Ocean Energy

Introduction to Energy in CaliforniaPeter Asmus, President of Pathfinder Communications, is a journalist, consultant, and author of Reaping the Wind: How Mechanical Wizards and Profiteers Helped Shape Our Energy Future, among other books. He is also the author of Introduction to Energy in California, which was published by UC Press in June 2009. To learn more about the author and renewable energy, please visit his blog, Finding the Responsible Path.


Short-sighted Cuts to U.S. Ocean Energy Budgets

By Peter Asmus

The earth is the water planet, so it should come as no great surprise that forms of water power have been one of the world’s most popular “renewable” energy sources. Yet the largest water power source of all – the ocean that covers three-quarters of earth – has yet to be tapped in any major way for power generation. There are three primary reasons for this:

•    The first is the nature of the ocean itself, a powerful resource that cannot be privately owned like land that typically serves as the foundation for site control for terrestrial power plants of all kinds;

•    The second is funding. Hydropower was heavily subsidized during the Great Depression, but little public investment has since been steered toward marine renewables with the exception of ocean thermal technologies, which were perceived to be a failure.

•    The third reason why the ocean has not yet been industrialized on behalf of energy production is that the technologies, materials and construction techniques did not exist until now to harness this renewable energy resource in any meaningful and cost effective way.

As ocean energy advocates gather this week in Maine for a conference designed to raise the profile of this potential clean energy source, they face a daunting task in the light of recent proposed cuts in federal government support. With the best ocean current resource in the world in the Gulf Stream off the coast of Florida, excellent tidal sites in California, Maine, Washington and Alaska and prime wave resources off the coasts of California and Oregon, the U.S. is well positioned to be a global leader.

With good tidal power sites in the San Francisco Bay, and the nation’s most viable wave resource all along the North Coast, there is much at stake here for the Golden State.

Consider these simple facts: waves, tides and ocean currents are 800 times more powerful than the thin air that is wind. Tides can be predicted decades in advance, while the wind resource shifts so suddenly, forecasts are good for only a few hours at a time. The sun never shines at night.

Despite these inherent advantages, the total installed capacity of these hydrokinetic resources – a category that includes wave, tidal stream, ocean current, and ocean thermal– was less than 10 megwatts (MW) at the end of 2008 (enough power for about 10,000 homes). It is expected that within the next five to eight years, these emerging technologies will become commercialized to the point that they can begin competing for a share of the burgeoning market for carbon-free and non-polluting renewable resources. By 2015, almost 3,000 MW could be on-line around the world. That figure could jump to 200,000 MW by 2025.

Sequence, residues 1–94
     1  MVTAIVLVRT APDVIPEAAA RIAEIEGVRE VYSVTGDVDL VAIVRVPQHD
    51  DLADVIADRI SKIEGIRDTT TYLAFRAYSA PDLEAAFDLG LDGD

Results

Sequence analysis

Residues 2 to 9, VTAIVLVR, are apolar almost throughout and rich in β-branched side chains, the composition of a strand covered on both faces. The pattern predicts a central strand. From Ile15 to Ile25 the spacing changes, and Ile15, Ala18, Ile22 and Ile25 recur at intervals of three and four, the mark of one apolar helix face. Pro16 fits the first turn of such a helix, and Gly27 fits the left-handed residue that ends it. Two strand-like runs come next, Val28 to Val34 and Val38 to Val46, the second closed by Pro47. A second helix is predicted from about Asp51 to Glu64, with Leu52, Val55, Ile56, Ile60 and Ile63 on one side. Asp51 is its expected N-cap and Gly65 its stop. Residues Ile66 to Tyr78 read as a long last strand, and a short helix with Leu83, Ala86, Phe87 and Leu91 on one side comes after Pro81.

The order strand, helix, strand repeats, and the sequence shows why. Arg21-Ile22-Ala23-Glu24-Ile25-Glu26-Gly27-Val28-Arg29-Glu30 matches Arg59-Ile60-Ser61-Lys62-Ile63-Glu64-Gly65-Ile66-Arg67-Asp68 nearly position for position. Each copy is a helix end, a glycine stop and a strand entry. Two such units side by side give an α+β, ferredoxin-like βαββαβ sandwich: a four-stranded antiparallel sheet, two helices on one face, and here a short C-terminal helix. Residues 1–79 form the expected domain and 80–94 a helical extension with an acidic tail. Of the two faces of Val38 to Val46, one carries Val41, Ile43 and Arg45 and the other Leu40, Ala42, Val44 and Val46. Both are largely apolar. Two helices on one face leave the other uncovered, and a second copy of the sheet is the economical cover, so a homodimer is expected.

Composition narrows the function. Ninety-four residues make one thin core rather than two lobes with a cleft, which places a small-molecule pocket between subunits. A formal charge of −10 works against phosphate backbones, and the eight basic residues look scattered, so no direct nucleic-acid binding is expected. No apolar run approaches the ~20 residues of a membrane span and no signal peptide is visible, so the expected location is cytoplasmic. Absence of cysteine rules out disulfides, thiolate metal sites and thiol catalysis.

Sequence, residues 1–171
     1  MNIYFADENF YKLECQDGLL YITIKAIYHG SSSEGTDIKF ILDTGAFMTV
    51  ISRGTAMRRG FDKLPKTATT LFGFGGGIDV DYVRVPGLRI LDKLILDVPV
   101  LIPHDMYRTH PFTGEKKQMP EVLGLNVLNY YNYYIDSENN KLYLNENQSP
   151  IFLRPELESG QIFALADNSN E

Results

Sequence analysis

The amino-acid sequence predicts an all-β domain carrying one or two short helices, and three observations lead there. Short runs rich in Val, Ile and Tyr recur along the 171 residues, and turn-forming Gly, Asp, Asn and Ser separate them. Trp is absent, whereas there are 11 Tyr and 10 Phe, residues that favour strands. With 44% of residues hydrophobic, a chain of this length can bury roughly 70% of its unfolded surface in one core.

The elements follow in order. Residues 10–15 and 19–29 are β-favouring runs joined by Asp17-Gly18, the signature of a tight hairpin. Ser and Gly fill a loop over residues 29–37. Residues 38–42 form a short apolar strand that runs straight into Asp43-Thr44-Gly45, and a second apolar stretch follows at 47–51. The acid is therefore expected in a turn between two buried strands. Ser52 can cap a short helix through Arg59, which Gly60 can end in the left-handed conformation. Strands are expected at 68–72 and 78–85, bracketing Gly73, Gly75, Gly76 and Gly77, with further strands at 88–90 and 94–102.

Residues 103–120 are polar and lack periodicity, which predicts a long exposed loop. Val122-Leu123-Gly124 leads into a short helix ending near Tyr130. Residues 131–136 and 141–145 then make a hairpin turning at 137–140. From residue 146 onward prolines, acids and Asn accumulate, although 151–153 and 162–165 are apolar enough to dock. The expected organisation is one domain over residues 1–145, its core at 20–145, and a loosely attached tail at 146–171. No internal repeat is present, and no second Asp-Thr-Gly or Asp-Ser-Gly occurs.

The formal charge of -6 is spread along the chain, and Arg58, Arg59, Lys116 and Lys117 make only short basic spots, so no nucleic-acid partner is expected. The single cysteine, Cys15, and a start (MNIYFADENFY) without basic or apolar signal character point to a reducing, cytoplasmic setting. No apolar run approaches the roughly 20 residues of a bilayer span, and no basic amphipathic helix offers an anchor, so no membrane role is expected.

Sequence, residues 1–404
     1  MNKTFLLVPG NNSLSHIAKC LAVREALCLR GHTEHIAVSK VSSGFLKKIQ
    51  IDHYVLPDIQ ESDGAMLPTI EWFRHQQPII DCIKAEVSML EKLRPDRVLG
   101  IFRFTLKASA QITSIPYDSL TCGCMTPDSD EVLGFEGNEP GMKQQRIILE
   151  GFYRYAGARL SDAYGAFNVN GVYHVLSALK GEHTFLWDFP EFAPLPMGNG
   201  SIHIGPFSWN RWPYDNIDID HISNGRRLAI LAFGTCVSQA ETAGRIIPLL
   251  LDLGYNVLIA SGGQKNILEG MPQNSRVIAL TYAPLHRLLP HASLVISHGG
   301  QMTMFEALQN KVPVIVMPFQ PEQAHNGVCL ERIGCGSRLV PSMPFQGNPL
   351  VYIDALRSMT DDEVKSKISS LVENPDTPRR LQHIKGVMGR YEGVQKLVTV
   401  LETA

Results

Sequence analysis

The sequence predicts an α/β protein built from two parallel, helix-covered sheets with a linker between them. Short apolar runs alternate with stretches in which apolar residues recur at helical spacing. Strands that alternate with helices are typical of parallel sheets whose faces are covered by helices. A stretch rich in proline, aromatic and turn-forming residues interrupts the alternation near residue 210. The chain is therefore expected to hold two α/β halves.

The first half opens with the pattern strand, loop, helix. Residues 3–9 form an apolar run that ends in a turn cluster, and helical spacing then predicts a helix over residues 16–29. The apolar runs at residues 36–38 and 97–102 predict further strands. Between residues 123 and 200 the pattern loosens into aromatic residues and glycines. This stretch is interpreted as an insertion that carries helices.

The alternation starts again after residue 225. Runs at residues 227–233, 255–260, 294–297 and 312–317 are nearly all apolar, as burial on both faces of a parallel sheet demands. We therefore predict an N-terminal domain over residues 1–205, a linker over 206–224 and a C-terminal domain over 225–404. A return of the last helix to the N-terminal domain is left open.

A recent surge in interest in these new renewable options has generated a buzz, particularly in the United Kingdom, Ireland, Portugal, South Korea, Australia and New Zealand…and the U.S.

So far, President Obama wins high marks for shifting priorities on energy policy in the U.S. But his recent proposal to trim R&D funding for the emerging sector of “marine renewables” — also often referred to as ocean power or hydrokinetic technologies – is extremely short-sighted and misses the boat. Trimming the $40 million proposed for marine renewables in 2009 by 25 percent will likely allow the U.K. and Europe to take a commanding lead in the development of a potential “game changing” clean power that is much more powerful and predictable than either solar or wind, both big winners in Obama’s proposed R&D budgets for the federal Dept. of Energy.

Europe, particularly the U.K., Ireland and Portugal, are the currently the best places to develop wave and tidal projects. Subsidy schemes there, as well as government funded test facilities, and streamlined permitting processes, will likely allow Europe to be the focal point of commercialization efforts in the near-term.

The U.S. has taken some promising steps recently resolving permitting issues for marine renewable technologies. But without more R&D, entrepreneurs already hit by the global economic meltdown may flounder and seek to do business on friendlier shores in Europe. While wave and tidal developers are offered lavish subsidies amounting to about 30 cents per kilowatt hour in Europe, the U.S. currently offers a measly 1 cent/kWh, half of the subsidy currently being offered to wind power projects, a fully commercialized technology.

The ocean is a huge global resource that will ultimately have to be tapped to meet the energy needs of the world’s growing populations – without contributing to global climate change. If the U.S. wants to be part of the solution, and help economic development in regions decimated by the collapse of native fishing stocks, then strategic investments need to be made today. We need wind, we need solar, but we should also be smart and be in a good position to tap the immense power of our oceans.

2 thoughts on “Ocean Energy

  1. Nice article,
    it has been suggested (and I won’t quote anyone on this) that Wind farms do not generate as much energy as first imagined, and they take a certain amount of energy to start them not to mention the carbon cost of distributing such huge structures around a country.

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